“If we assume responsibility for our self or the world around us we will be harmed by the permanently raised and threatening arm of authority. And so, to avoid this danger, we learn to become servile and dependent victims who are acted upon, or who act at the command and initiative of others.” - Victor Frankl, Psychologist and Nazi Holocaust Survivor
Ours is a disappointed age. The End Times did not arrive after all with the close of 2012. But Canadians, at least, have been given a small consolation, of a sort: that is, if you believe their corporate media, who are suddenly raving about a new and supposedly “grassroots aboriginal protest movement” that pundits claim is sweeping the country, and calling itself the quite non-aboriginal name “Idle No More”.
The protests of this mysterious group are undeniably real, as are the hundreds of eager, often non-aboriginal demonstrators who are about as worked up as Canadians can get over anything. But what exactly is this thing called Idle No More, and who runs and pays for it, is anybody’s guess.
These latest, carefully managed demonstrations arrived right out of the blue, as only pre-fabricated dissent can, and has as its poster person an appropriately sympathetic figure: Chief Theresa Spence from the poverty-stricken Attawapiskat reserve in Ontario.
Chief Tess has been conducting a one-woman hunger fast to force Prime Minister Harper to halt his legislation, Bill C-45, that allows the government to sell Indian reservation land without first consulting the local state-funded tribal council “chiefs”.
Wow. Now that’s an issue to go to the barricades over, eh?
Well, maybe for reservation council chiefs like Theresa Spence and her organization, the state-funded “Assembly of First Nations”, who obviously need to improve their bargaining position with Ottawa – and who are most likely the originators of the whole “movement”. But how does any of that help your average poverty-stricken Indians, most of whom live off reservation?
Besides, it’s all bullshit, anyway. Under the Indian Act, the government can already sell off any reservation land they want without first checking with their puppet chiefs, since all reserve land is owned by that fiction called “the Crown”.
Hey! You mean this whole issue is a big fraud and a red herring? Surely not in Canada!
It seems that all those unfortunate Idle No More activists are being seriously lied to, and by the very people under whose banner they’re protesting: that upstart class of native wannabe capitalists who want to profit off the sale of their own peoples’ lands without having the feds interfere.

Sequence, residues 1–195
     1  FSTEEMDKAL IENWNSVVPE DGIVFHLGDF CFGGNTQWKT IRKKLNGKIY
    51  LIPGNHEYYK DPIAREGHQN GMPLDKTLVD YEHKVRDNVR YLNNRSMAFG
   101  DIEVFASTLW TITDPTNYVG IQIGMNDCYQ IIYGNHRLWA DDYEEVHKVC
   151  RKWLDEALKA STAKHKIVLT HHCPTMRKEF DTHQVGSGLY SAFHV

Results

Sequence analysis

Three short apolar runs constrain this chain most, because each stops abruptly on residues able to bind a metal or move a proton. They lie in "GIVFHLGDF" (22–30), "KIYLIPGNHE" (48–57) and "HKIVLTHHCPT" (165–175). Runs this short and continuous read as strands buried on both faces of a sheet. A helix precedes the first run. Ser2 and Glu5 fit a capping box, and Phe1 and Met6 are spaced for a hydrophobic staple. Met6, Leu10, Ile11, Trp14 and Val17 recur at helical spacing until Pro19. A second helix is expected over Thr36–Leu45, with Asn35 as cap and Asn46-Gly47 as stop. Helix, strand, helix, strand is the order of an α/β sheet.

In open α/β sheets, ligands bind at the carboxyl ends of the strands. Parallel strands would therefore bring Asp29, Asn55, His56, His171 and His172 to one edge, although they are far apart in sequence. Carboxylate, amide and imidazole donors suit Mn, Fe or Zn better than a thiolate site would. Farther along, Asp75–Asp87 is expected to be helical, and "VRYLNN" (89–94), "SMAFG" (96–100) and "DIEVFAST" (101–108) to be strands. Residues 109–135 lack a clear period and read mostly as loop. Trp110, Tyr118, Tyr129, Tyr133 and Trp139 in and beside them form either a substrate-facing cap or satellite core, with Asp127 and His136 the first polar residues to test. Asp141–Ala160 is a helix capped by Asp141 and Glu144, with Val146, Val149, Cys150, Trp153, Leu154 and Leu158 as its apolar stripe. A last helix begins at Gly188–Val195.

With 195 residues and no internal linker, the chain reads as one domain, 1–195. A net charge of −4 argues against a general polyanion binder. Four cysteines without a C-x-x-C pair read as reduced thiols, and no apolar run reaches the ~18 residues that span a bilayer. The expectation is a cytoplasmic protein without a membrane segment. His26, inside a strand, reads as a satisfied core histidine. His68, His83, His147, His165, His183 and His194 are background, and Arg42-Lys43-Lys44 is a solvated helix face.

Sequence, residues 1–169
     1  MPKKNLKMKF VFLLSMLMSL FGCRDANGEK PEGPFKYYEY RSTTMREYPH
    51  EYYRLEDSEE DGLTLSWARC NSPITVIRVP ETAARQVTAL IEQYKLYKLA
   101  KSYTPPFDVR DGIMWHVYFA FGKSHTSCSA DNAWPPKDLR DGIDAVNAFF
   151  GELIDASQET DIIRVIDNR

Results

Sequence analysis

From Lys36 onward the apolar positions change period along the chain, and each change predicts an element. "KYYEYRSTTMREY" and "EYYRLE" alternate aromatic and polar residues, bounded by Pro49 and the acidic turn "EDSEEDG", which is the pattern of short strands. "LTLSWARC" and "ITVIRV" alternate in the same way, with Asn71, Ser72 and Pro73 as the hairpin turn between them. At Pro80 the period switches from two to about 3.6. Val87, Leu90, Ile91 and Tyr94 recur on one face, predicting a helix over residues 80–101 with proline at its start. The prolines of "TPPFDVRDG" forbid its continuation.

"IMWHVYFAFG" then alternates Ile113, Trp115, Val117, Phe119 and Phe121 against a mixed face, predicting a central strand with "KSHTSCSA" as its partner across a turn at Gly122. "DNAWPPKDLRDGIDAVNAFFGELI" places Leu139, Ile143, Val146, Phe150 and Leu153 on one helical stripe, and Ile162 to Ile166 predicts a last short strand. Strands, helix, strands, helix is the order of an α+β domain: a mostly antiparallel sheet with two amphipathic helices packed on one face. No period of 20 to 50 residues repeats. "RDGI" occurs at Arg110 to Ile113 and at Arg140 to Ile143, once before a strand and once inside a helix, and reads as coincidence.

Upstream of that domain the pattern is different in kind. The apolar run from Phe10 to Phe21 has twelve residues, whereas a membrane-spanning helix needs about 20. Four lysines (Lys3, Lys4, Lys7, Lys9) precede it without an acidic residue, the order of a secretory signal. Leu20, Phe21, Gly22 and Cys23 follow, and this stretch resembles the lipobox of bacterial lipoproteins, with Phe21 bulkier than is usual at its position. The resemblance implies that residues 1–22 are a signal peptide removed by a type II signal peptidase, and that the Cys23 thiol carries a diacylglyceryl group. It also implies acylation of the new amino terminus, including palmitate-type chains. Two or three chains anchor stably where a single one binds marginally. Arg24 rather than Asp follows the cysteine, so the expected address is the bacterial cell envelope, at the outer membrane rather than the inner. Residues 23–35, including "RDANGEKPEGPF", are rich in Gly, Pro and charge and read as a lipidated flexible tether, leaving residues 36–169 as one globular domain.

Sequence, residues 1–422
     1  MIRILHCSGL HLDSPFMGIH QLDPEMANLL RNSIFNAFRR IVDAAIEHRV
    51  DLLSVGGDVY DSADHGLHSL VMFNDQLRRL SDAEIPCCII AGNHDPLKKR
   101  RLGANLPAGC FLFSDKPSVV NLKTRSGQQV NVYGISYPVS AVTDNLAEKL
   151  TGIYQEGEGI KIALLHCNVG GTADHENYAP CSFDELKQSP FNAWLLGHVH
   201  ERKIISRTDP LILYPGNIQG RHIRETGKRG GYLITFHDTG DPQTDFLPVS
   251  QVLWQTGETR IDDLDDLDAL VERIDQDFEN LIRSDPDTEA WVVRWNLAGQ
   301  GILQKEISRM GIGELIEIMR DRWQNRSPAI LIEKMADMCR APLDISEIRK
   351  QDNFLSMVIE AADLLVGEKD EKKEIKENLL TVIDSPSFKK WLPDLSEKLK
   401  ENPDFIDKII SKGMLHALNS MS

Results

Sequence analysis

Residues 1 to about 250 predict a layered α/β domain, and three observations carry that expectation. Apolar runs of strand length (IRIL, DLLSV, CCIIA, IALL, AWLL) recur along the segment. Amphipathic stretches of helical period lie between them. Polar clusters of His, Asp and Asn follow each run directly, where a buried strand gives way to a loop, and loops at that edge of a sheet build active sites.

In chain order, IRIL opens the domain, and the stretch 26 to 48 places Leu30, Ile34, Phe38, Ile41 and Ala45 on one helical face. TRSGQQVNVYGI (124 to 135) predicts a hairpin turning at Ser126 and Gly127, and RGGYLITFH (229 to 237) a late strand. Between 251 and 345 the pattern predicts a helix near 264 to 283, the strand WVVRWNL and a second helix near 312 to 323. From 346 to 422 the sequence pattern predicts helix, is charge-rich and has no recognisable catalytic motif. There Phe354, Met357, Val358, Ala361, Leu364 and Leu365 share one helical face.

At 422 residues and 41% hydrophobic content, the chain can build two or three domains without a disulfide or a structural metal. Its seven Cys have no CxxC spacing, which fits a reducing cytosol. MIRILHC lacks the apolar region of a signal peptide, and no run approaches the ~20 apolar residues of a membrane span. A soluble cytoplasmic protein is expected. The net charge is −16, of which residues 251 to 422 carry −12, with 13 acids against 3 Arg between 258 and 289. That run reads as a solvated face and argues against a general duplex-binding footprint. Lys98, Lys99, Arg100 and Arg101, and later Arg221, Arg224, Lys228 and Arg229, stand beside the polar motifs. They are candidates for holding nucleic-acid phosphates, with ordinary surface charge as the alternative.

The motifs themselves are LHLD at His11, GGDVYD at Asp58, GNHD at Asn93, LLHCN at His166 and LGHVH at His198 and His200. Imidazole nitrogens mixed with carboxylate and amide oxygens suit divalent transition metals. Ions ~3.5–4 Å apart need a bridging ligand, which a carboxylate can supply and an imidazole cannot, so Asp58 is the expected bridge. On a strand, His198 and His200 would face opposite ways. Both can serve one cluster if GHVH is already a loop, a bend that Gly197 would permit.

One such wannabe, “Chief” Ed John from northern B.C., has pocketed millions of dollars since the 1980′s by forcing his own Carrier-Sekani people off their lands and signing illegal deals with Alcan and other mining companies. Ed’s now a senior Canadian official at the United Nations – and a vocal supporter of Idle No More.
Surprised? I hope not. For none of this is new. History is replete with examples of masses of people being conned to fight and die for the interests of various elites, whether they be white or dark-skinned. Such “movements” are always created suddenly from the top-down just as Idle No More has been, trumpeting salvation for those who are duped into being the steam in somebody else’s engine – and who gain nothing at the end of the day.
After all, how exactly will any of my dying aboriginal friends on Vancouver’s mean streets benefit from the defeat of Bill C-45? Or all the moms on reservations who watch their kids decay as the housing and jobs and drugs are dealt out to the friends and family of the local “Chief”? In a word, not one bit.
I don’t doubt Chief Theresa’s sincerity. But she is, after all, the front piece of a machine controlled from elsewhere. And what matters is not figure heads but who and what they represent.
Nevertheless, all protest is good. It gets people moving, even if it is in the wrong direction. And who knows? This “Idle No More” thing is just starting. Movements do morph, and sometimes they escape the clutches of the string-pullers and are transformed from below. But that requires alternative leadership, with a different view, and strategy.
So far, no such alternative has emerged. The Idle No More activists, native and white, are still taking their cues from well-funded aboriginal politicians whose notion of revolt is calling for “more consultation” from the government.
Shit. No wonder the world thinks that Canadians are boring.